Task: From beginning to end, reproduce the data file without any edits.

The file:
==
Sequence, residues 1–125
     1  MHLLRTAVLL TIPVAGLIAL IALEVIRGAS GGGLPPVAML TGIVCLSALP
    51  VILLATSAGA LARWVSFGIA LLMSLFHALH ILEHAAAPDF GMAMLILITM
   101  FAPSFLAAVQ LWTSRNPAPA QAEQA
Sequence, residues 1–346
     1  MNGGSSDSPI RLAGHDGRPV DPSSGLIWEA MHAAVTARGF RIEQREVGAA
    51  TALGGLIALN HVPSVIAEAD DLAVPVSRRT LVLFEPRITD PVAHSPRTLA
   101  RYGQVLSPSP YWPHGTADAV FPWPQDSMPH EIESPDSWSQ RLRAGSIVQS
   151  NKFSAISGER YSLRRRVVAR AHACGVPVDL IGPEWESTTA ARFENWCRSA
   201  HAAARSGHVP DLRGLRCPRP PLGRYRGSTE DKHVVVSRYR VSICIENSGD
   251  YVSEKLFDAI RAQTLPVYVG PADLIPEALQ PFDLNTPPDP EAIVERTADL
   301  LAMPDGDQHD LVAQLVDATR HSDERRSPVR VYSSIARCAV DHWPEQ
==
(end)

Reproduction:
Sequence, residues 1–125
     1  MHLLRTAVLL TIPVAGLIAL IALEVIRGAS GGGLPPVAML TGIVCLSALP
    51  VILLATSAGA LARWVSFGIA LLMSLFHALH ILEHAAAPDF GMAMLILITM
   101  FAPSFLAAVQ LWTSRNPAPA QAEQA
Sequence, residues 1–346
     1  MNGGSSDSPI RLAGHDGRPV DPSSGLIWEA MHAAVTARGF RIEQREVGAA
    51  TALGGLIALN HVPSVIAEAD DLAVPVSRRT LVLFEPRITD PVAHSPRTLA
   101  RYGQVLSPSP YWPHGTADAV FPWPQDSMPH EIESPDSWSQ RLRAGSIVQS
   151  NKFSAISGER YSLRRRVVAR AHACGVPVDL IGPEWESTTA ARFENWCRSA
   201  HAAARSGHVP DLRGLRCPRP PLGRYRGSTE DKHVVVSRYR VSICIENSGD
   251  YVSEKLFDAI RAQTLPVYVG PADLIPEALQ PFDLNTPPDP EAIVERTADL
   301  LAMPDGDQHD LVAQLVDATR HSDERRSPVR VYSSIARCAV DHWPEQ